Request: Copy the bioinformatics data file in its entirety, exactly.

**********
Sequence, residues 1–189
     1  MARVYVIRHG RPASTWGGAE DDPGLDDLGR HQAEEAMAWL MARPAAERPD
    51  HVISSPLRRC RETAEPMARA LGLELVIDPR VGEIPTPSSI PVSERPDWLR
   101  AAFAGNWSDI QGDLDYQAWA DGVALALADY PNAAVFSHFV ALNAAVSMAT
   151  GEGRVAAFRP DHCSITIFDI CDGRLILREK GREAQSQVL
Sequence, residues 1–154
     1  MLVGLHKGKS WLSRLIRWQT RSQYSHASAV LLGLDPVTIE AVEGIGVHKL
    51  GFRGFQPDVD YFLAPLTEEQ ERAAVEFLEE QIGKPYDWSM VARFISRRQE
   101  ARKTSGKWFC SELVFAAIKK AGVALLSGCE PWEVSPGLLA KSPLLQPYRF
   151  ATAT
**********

Sequence, residues 1–189
     1  MARVYVIRHG RPASTWGGAE DDPGLDDLGR HQAEEAMAWL MARPAAERPD
    51  HVISSPLRRC RETAEPMARA LGLELVIDPR VGEIPTPSSI PVSERPDWLR
   101  AAFAGNWSDI QGDLDYQAWA DGVALALADY PNAAVFSHFV ALNAAVSMAT
   151  GEGRVAAFRP DHCSITIFDI CDGRLILREK GREAQSQVL
Sequence, residues 1–154
     1  MLVGLHKGKS WLSRLIRWQT RSQYSHASAV LLGLDPVTIE AVEGIGVHKL
    51  GFRGFQPDVD YFLAPLTEEQ ERAAVEFLEE QIGKPYDWSM VARFISRRQE
   101  ARKTSGKWFC SELVFAAIKK AGVALLSGCE PWEVSPGLLA KSPLLQPYRF
   151  ATAT